President Donald Trump is preparing to nominate Brian Montgomery, who served for eight years under George W. Bush, to run the Federal Housing Administration, according to White House and industry people with knowledge of the decision.
While the White House has signaled that it wants Montgomery for the job, his nomination won’t be announced until he completes requisite background checks.
If nominated and confirmed, it will be Montgomery’s second tour as FHA commissioner. He held the job under Bush, staying on for six months after former President Barack Obama’s inauguration. Prior to joining the agency, he was at the White House, serving as deputy assistant to the president from 2001 to 2005. He is currently vice chairman of the Collingwood Group, a housing finance consulting firm he co-founded.
The FHA, a unit of the Department of Housing and Urban Development, is one of the country’s biggest sources of funding for home loans. The agency needed a $1.7 billion cash infusion from the Treasury after the 2008 housing collapse sent millions of homeowners into default on FHA-insured mortgages.
Now that home prices have bounced back, FHA is in the black but threatened with underfunding and outdated technology. Only hours after being sworn in as president, Trump blocked an Obama plan to lower the insurance premiums FHA collects from homeowners.
Montgomery, who must be confirmed by the Senate, has raised concerns about the state of the housing market and regulation of mortgages. Nine years after the subprime lending bubble, lawmakers have yet to retool the nation’s mortgage infrastructure.
Given the FHA’s size and its mission to help lower-income and first-time homebuyers, the incoming commissioner promises to be a central voice in the debate on housing reform. HUD Secretary Ben Carson has said his agency "absolutely" will help shape Trump policy on mortgage reform.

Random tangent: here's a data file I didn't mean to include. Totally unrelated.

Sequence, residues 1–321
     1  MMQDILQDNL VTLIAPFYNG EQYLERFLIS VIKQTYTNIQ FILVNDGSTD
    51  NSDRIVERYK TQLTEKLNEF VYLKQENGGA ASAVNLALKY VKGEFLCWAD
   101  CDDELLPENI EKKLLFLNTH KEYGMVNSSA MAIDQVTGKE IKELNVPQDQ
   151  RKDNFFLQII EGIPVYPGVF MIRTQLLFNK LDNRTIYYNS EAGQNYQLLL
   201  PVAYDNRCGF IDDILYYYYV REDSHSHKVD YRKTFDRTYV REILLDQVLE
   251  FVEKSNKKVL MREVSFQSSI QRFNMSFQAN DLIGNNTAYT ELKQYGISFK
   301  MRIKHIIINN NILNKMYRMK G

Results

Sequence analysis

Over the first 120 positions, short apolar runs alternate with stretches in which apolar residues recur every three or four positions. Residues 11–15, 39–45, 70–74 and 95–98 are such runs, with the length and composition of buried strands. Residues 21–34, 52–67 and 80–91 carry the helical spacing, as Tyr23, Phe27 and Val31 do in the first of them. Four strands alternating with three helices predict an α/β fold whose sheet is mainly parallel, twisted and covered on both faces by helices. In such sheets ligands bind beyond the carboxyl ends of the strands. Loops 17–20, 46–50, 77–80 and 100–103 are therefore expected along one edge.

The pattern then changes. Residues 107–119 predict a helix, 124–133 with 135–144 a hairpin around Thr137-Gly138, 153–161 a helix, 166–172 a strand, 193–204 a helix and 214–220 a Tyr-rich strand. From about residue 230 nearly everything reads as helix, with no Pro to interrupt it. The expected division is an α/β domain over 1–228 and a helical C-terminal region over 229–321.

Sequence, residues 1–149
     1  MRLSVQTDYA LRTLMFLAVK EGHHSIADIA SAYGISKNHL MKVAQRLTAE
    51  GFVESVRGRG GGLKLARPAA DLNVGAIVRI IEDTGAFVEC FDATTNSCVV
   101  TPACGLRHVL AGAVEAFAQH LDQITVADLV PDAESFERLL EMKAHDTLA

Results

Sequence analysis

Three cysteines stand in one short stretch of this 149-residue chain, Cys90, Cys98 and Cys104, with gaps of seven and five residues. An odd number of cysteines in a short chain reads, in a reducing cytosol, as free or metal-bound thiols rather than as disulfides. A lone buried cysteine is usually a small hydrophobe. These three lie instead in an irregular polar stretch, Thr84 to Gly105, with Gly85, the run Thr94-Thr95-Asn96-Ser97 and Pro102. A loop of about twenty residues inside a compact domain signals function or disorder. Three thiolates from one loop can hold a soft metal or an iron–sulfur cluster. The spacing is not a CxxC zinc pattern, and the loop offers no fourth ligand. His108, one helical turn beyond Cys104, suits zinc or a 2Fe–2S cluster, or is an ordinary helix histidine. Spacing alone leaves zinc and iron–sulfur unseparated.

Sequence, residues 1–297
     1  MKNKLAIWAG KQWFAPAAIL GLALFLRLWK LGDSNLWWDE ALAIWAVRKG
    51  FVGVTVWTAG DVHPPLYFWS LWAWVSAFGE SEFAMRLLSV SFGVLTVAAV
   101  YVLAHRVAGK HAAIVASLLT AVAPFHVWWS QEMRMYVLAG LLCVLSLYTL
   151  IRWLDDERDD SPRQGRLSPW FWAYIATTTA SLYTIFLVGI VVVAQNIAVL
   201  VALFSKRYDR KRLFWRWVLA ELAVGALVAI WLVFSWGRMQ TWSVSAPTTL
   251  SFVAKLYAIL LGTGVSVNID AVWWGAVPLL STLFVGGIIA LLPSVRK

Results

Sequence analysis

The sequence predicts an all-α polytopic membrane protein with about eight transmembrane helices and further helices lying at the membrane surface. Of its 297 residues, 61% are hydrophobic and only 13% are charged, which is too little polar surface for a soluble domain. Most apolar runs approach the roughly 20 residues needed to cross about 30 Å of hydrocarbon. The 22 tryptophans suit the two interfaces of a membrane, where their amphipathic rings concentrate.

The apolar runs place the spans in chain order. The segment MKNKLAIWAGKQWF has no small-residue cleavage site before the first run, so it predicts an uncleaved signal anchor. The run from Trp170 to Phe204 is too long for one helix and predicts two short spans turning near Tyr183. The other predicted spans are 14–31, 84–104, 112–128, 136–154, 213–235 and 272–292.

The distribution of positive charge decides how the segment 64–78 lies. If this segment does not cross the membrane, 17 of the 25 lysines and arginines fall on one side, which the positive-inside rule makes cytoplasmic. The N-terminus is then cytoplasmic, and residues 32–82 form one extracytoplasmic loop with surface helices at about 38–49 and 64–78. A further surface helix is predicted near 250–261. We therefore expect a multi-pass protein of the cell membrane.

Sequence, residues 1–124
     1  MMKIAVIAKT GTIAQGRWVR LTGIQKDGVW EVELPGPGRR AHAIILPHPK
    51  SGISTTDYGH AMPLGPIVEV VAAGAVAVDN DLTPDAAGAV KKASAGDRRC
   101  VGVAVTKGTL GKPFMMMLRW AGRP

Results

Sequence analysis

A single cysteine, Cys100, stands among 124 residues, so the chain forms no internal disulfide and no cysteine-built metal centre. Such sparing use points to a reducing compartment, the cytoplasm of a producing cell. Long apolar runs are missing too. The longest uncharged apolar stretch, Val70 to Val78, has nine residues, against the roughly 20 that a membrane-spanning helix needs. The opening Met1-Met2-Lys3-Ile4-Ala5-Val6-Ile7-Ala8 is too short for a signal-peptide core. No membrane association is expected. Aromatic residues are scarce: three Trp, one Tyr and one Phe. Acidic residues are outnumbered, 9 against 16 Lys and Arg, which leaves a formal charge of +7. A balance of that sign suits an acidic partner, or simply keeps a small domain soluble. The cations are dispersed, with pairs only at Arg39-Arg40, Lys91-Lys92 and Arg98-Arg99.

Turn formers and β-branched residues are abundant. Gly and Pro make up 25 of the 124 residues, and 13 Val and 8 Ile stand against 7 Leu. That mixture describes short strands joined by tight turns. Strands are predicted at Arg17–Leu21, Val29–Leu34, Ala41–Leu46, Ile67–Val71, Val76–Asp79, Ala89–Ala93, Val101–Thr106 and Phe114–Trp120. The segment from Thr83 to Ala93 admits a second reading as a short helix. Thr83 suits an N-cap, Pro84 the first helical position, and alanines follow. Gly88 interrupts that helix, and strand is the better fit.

While at Collingwood, Montgomery also has flagged the FHA’s use of the False Claims Act to target lenders that do business with the agency. Between 2009 and 2015, mortgage lenders paid billions of dollars to settle claims that they defrauded the government program, which insures lenders and mortgage investors against defaults on loans they make to homeowners.
The enforcement has driven banks away from FHA lending, leaving non-bank lenders such as Quicken Loans to dominate the market. Quicken has refused to settle its own False Claims Act charges and is fighting the agency in court.
Montgomery has said that "excessive enforcement" on mortgage lenders has prevented many Americans from becoming homeowners and building household wealth.
"Prospective homebuyers, including many who are first-time buyers with perhaps a blemish or two on their credit score, are largely shut out of the mortgage market from this stifling of housing credit," he told POLITICO in late November.
"Understandably, the industry remains hyper-focused on originating low-risk loans with a difficult-to-achieve goal of zero underwriting defects," he wrote. "Despite the proliferation of regulations and measures intended to improve the mortgage market with consumer safeguards, the housing market recovery remains sluggish, and too many American workers continue to lose access to the wealth-accumulating tool of homeownership."
"To restore housing to its traditional role as an engine of economic growth and opportunity, the incoming Trump administration should pursue policies designed to make the path to homeownership possible again for fully-informed prospective buyers who have the ability to carry a mortgage," Montgomery wrote.